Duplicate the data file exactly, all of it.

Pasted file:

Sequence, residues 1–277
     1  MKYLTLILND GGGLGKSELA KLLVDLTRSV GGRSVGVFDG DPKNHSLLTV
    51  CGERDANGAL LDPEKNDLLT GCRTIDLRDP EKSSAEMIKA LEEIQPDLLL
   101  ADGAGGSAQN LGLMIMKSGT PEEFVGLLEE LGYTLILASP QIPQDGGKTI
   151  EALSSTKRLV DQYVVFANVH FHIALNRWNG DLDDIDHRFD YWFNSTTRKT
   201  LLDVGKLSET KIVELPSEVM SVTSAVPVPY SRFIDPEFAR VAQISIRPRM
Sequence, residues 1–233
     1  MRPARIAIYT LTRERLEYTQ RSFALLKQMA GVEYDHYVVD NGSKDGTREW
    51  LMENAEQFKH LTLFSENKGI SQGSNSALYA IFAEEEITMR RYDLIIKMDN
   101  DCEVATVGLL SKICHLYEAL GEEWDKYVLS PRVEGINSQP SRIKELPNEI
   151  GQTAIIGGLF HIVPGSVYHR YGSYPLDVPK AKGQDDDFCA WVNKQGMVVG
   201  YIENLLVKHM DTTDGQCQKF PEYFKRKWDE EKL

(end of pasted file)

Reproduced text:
Sequence, residues 1–277
     1  MKYLTLILND GGGLGKSELA KLLVDLTRSV GGRSVGVFDG DPKNHSLLTV
    51  CGERDANGAL LDPEKNDLLT GCRTIDLRDP EKSSAEMIKA LEEIQPDLLL
   101  ADGAGGSAQN LGLMIMKSGT PEEFVGLLEE LGYTLILASP QIPQDGGKTI
   151  EALSSTKRLV DQYVVFANVH FHIALNRWNG DLDDIDHRFD YWFNSTTRKT
   201  LLDVGKLSET KIVELPSEVM SVTSAVPVPY SRFIDPEFAR VAQISIRPRM
Sequence, residues 1–233
     1  MRPARIAIYT LTRERLEYTQ RSFALLKQMA GVEYDHYVVD NGSKDGTREW
    51  LMENAEQFKH LTLFSENKGI SQGSNSALYA IFAEEEITMR RYDLIIKMDN
   101  DCEVATVGLL SKICHLYEAL GEEWDKYVLS PRVEGINSQP SRIKELPNEI
   151  GQTAIIGGLF HIVPGSVYHR YGSYPLDVPK AKGQDDDFCA WVNKQGMVVG
   201  YIENLLVKHM DTTDGQCQKF PEYFKRKWDE EKL